However, these things are rarely talked about in Burma – out of pure fear of incarceration or worse. Military intelligence officials in civilian clothing are on every corner, in work places and in every teashop, eagerly seeking a chance to report a “traitor” to their superiors, condemning them to imprisonment, torture or even murder for expressing their opinions. “In Yangon, we had to discuss politics very slowly and carefully because our brothers were involved in underground political activities - we would be watched all the time and many brothers had to leave.”
Burma VJ tells the story of the Saffron Revolution of 2007, the first nationwide uprising in Burma for 19 years. The revolt was brought to a sudden halt when over a hundred civilians, including monks and students were shot dead and far more were detained without trial.
The roots of the uprising
“The soldiers began to shoot and in the same moment many people that we had been protesting with all day turned on us and started beating us; it became apparent that these people were also working for the SPDC... I saw many girls falling – they were very afraid! That was the last day I protested.”
Khine Wai Zaw
On the 15th September 2007, 20 year-old Khine Wai Zaw could tell something was different as he prepared for the two-day journey to Yangon (Rangoon), where he would stay with his Aunt and Uncle. That day, Khine Wai Zaw saw something he’d never seen before: monks and other civilians demonstrating against the government, openly talking to crowds about political ideals such as democracy and human rights. “I had never seen protests before. Many people had closed their shops and restaurants. Many policemen and soldiers were talking on their phones and many monks were chanting and marching. I was excited and a little scared. I had goose-bumps”
By the 25th of September, millions were mobilised across the country- monks, teachers, writers, students and housewives alike were marching through the streets calling for a justice that they barely understood. “I didn’t know much about democracy at that time but I knew that I wanted to change our system because everyday I faced many difficulties. In every street in Yangon there were many prostitutes, many beggars and many soldiers walking and in vehicles.“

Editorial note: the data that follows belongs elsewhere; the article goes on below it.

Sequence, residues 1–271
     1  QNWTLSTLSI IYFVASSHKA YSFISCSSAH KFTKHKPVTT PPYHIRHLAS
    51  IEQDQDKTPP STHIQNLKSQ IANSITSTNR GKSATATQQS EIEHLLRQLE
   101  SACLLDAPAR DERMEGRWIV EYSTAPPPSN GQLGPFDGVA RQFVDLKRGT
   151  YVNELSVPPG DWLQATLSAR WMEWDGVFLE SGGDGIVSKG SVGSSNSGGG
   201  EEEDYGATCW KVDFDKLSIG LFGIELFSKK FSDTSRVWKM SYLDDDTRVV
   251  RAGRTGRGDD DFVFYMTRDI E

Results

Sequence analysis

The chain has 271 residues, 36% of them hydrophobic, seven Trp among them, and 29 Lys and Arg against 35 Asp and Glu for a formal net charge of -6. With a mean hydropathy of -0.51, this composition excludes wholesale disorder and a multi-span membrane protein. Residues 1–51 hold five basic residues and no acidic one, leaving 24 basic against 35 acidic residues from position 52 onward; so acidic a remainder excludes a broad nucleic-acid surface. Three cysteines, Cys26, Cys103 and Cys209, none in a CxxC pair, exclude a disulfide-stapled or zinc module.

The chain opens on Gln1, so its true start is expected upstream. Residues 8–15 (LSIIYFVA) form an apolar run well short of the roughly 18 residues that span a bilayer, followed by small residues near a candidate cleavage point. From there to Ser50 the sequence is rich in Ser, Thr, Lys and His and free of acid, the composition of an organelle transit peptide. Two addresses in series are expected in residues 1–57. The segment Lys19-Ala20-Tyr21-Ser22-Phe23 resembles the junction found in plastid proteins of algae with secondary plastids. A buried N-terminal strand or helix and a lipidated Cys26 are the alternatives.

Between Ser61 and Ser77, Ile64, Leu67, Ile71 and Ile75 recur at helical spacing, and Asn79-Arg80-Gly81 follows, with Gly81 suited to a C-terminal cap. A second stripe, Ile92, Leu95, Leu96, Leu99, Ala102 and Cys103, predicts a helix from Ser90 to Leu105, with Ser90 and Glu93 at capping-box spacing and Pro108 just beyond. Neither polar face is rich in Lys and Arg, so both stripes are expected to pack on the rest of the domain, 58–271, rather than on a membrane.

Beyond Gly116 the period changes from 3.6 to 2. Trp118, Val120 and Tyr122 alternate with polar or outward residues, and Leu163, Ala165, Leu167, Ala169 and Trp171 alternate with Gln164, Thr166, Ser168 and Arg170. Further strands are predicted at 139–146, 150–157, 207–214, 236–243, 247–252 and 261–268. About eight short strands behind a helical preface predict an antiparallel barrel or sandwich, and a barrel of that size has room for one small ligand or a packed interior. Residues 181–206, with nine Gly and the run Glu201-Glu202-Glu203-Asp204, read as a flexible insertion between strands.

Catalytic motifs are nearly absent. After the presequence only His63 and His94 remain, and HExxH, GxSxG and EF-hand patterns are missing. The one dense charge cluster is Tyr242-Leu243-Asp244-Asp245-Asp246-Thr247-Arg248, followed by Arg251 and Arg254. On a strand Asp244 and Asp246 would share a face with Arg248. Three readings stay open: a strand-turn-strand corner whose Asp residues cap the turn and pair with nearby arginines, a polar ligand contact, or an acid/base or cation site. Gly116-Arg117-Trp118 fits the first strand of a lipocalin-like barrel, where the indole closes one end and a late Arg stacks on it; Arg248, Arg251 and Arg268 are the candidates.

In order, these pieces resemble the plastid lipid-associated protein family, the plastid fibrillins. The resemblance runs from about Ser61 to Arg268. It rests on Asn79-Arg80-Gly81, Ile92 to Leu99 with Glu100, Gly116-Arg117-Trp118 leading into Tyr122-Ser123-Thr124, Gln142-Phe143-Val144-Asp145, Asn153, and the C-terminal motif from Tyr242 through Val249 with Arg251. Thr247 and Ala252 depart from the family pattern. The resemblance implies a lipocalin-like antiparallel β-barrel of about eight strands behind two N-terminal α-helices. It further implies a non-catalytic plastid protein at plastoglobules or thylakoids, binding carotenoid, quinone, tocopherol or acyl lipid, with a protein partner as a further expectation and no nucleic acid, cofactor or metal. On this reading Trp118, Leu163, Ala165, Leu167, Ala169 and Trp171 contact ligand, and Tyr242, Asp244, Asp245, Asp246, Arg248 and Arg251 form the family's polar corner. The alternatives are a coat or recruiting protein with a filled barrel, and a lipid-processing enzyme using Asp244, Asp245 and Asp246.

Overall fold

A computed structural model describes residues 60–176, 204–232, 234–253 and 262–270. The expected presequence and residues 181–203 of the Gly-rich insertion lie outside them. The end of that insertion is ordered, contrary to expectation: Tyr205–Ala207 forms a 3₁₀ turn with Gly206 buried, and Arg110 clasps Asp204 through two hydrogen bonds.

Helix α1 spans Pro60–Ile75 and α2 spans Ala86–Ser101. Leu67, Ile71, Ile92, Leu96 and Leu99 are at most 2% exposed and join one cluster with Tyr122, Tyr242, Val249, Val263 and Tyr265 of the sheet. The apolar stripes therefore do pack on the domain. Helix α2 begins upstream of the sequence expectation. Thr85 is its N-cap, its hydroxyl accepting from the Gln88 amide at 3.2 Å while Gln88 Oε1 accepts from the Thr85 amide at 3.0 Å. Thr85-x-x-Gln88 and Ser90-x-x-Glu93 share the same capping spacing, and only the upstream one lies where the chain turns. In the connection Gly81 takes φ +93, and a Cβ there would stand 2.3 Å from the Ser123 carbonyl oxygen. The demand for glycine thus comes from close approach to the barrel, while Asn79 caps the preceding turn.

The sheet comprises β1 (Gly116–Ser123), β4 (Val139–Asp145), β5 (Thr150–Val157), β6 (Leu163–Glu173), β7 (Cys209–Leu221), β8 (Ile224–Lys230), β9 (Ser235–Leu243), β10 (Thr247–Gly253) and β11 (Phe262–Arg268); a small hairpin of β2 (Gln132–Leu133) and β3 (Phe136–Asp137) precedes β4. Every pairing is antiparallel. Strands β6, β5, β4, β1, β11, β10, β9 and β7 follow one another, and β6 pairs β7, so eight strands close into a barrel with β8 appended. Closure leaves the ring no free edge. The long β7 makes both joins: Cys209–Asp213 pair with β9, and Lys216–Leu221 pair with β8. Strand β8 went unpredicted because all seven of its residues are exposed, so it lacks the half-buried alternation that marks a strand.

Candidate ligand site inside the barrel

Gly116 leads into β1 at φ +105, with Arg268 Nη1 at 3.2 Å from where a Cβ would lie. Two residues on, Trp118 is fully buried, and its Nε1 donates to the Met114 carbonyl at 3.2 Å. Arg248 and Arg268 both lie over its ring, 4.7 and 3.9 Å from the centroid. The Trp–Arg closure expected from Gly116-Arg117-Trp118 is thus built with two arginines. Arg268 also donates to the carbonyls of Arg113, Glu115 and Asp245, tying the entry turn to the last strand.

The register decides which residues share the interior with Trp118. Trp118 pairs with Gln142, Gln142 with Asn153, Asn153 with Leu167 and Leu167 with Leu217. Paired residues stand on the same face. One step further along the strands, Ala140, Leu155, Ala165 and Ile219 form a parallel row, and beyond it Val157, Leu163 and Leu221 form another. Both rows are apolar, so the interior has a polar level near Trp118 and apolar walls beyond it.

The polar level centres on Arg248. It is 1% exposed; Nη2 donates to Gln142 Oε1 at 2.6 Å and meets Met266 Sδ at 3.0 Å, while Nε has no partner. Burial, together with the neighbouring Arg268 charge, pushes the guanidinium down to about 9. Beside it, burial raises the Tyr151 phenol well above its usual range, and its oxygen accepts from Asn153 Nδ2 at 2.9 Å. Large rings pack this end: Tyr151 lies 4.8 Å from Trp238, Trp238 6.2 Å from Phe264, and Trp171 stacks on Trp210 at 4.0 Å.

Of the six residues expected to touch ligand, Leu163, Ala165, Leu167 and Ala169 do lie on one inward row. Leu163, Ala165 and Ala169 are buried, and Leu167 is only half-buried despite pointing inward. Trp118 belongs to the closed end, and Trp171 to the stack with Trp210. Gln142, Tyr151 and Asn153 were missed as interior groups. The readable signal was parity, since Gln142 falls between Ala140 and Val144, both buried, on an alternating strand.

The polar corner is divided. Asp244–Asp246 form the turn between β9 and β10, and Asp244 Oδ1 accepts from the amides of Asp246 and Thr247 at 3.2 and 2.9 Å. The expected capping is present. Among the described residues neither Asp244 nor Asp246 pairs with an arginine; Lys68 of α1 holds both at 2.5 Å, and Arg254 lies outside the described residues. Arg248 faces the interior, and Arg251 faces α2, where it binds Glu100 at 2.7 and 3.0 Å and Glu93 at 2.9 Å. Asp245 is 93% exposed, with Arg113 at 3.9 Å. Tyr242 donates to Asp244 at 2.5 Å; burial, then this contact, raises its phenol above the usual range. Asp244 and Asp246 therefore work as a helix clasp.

At first many watched the monks from the sidelines, apprehensive to join in. Scenes from Burma VJ show a march through downtown Yangon while thousands watch from their windows cheering and clapping from their windows. “They were afraid. Even though they were clapping their hands, they were afraid. I think one thousand people were watching us and then they joined us slowly, slowly. “ Khine Wai Zaw recalls from another part of town where he joined in the demonstration.
Whilst watching the film with Khine Wai Zaw and three young Arakanese girls - the atmosphere was infectious. Excited murmurs quickly turned into laughter and cheers from the AASYC office while the girls saw sights they had never imagined: literally thousands of civilians defying the system and expressing their anti-military sentiments loud and proud.
But the atmosphere quickly changed once the first signs of violence came to the screen. (continued...)